Computers are in almost every home and place of business these days. Many people spend time every day using computers, and computer crimes are something the law has been catching up with.
As computers and other technologies evolve, it has become easier to commit crimes using computers. As such, Pennsylvania has several computer crimes listed in its statutes. These crimes are often charged as severe felonies. A few examples include using computers to commit theft, spread viruses, and download or upload child pornography. Computer crimes related to child pornography are especially serious and may lead to harsh felony charges and a long time in prison. Computers might also be involved in crimes that are not technically considered computer crimes or cybercrimes. Even in non-computer-related cases, digital evidence may play a significant role.
If you have been charged with a computer crime or a computer is involved in an alleged crime, contact our Philadelphia criminal defense lawyers for a free case evaluation now. Call The Law Offices of Lloyd Long at (215) 302-0171.
Computer Hacking Offenses in Pennsylvania
There are multiple computer crimes found under the Pennsylvania statutes. Some of these crimes are extremely serious, while others are less so. In any case, our Montgomery criminal defense attorneys can help determine why you are being charged and how to defend yourself.
Unlawful Use of a Computer
The crime of unlawful use of a computer can be found under 18 Pa.C.S. § 7611 and is a rather broad offense that encompasses various possible computer crimes. Generally, the statute explains that using a computer to access information or a system you do not have authorization to access may be a criminal offense. For example, using a computer to access private records you do not have permission to access may be a crime under this statute. Many computer hacking offenses likely fall under this law and may be charged as a third-degree felony.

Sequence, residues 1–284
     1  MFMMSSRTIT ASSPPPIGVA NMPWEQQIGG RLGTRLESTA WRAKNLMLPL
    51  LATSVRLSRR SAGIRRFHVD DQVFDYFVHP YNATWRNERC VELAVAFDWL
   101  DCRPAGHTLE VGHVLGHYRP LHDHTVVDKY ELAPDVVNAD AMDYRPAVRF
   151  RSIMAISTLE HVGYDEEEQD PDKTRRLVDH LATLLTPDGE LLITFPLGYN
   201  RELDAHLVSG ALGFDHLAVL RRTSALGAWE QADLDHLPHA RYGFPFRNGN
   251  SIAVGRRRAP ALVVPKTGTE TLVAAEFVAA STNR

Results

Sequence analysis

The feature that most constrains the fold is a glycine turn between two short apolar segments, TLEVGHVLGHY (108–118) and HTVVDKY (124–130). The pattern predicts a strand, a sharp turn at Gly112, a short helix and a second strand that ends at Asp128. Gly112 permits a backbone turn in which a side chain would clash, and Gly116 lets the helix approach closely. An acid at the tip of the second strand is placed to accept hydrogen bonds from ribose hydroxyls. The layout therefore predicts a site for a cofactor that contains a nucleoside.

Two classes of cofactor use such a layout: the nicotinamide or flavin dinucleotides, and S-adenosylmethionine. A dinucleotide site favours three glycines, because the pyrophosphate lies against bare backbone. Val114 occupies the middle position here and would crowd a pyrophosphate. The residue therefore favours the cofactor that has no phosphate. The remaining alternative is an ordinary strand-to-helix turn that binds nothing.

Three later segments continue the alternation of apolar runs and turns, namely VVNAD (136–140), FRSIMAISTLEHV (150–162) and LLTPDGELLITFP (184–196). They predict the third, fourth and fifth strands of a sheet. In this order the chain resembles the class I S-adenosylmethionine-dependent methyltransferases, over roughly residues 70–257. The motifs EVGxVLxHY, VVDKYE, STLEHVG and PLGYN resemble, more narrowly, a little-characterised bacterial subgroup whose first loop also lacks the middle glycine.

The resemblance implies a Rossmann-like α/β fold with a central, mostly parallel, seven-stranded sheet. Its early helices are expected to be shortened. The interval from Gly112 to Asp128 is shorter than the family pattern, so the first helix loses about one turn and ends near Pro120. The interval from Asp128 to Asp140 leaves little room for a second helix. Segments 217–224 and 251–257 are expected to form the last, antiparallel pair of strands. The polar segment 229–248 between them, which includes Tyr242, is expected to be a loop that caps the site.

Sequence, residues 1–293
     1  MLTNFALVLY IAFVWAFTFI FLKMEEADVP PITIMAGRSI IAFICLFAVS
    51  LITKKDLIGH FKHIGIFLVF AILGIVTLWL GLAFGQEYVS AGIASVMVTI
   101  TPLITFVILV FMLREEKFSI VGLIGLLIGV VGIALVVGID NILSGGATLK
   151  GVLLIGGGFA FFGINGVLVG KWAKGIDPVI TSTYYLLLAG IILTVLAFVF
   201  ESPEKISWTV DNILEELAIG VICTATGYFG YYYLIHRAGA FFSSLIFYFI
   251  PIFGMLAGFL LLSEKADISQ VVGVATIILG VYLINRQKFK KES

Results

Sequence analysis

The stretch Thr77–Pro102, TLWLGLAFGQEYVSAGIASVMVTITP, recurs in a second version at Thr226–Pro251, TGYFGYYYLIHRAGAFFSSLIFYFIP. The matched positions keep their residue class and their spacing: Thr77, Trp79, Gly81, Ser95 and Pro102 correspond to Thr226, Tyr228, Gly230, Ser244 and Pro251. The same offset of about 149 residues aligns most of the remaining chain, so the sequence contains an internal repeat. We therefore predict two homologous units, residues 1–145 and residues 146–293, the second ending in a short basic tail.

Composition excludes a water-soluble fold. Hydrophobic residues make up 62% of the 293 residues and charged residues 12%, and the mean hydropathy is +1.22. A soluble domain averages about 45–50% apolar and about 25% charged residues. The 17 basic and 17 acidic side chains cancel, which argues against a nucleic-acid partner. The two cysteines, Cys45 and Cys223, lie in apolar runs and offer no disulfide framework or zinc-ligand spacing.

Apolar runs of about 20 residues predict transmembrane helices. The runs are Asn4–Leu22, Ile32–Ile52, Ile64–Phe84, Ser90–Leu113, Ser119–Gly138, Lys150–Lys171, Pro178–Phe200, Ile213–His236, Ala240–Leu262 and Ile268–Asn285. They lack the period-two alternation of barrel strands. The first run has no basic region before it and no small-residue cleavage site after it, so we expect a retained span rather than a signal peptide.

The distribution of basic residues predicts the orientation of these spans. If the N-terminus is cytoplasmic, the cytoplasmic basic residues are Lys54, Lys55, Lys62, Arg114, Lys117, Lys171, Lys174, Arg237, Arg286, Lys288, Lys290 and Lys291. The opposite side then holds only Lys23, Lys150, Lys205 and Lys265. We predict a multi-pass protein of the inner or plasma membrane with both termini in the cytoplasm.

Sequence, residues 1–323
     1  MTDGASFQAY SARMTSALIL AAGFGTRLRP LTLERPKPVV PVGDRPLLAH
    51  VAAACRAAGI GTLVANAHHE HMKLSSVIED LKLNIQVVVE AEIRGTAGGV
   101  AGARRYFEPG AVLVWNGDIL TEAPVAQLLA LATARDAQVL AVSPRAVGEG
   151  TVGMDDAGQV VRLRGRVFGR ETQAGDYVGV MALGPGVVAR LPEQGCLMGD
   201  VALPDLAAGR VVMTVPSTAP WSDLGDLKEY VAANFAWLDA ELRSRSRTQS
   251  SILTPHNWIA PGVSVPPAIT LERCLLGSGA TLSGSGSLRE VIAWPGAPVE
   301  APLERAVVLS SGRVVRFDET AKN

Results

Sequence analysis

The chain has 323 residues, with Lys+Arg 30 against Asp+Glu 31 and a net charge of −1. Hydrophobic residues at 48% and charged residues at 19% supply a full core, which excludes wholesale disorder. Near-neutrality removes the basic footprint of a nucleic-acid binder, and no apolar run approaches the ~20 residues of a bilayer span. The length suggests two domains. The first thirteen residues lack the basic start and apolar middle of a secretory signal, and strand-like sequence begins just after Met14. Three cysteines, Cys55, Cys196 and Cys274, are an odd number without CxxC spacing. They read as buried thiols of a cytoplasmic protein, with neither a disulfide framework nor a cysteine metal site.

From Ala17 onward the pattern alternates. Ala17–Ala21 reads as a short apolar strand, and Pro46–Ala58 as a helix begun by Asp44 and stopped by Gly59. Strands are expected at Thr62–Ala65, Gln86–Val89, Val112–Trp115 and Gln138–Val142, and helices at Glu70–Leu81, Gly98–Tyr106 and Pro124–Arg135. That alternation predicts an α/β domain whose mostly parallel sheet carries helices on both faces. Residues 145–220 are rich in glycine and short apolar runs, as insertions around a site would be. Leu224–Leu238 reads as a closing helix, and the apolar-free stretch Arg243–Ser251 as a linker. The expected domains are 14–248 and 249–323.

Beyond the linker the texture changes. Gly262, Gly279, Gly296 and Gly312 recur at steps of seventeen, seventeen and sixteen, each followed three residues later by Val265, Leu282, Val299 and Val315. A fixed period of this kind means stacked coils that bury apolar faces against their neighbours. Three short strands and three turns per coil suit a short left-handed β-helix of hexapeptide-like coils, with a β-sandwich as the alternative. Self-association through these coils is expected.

Disruption of Service
Computers rely on software both online and offline to run certain programs. For example, computer security software is always running on a computer and prevents hackers or viruses from infiltrating the computer’s data. If a person were to use another computer to disrupt the service or software on another computer, they can be criminally charged with disruption of service.
For example, suppose a person wanted to hack into their employer’s payroll system protected by computer security software. If that person disrupted the security software to allow them to hack into the payroll system, that would be a computer crime. This is also a felony of third-degree.
People can commit theft using a computer, but it is not ordinary theft charged under more typical laws. Instead, a person can be charged under 18 Pa.C.S. § 7613 with computer theft if they use a computer to steal private files or other information from another computer system.
Continuing with the payroll hacking example from above, suppose that the defendant hacked into their employer’s payroll system to steal private files about their coworkers’ pay rates. Not only could this defendant be charged with hacking offenses, but they can be charged with computer theft for stealing the files from payroll and charged with a third-degree felony.